Good Deeds Could Come From Frustrated Individuals

Frontiers in Psychology 12 (2021)
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Abstract

Frustration is often seen as negative, but as to whether it may have a positive impact on the individual is still undecided. This research was conducted to explore the influence of frustration on altruistic tendency and altruistic level in college students. By presenting a highly difficult task combined with negative feedback, we effectively induced frustration in Experiment 1. By assessing the donation behavior of participants in a real-life scenario following the experimental manipulation of frustration, we examined the relationship between frustration and altruism in Experiment 2. Results showed that frustrating situations could, on some level, improve altruistic behavior [t = 3.013, p = 0.015]. More specifically, among participants who donated, the amount donated was higher in the frustration group compared to the control group; the proportion of people who donated did not differ by group.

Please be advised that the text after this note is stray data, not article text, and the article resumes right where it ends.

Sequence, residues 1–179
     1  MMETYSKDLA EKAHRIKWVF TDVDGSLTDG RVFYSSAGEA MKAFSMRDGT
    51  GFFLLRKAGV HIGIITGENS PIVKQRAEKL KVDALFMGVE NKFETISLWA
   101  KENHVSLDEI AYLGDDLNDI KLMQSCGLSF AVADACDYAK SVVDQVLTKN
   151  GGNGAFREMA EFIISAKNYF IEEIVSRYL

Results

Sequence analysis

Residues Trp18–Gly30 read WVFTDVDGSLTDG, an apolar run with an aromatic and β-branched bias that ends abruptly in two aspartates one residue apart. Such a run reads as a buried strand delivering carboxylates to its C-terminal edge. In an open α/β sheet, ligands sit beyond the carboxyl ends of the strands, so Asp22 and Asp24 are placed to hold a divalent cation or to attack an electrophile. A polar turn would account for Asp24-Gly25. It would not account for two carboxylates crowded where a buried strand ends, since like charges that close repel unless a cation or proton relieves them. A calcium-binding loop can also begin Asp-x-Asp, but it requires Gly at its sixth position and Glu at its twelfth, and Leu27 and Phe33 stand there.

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Dual-Process Theories of Higher Cognition Advancing the Debate.Jonathan Evans & Keith E. Stanovich - 2013 - Perspectives on Psychological Science 8 (3):223-241.

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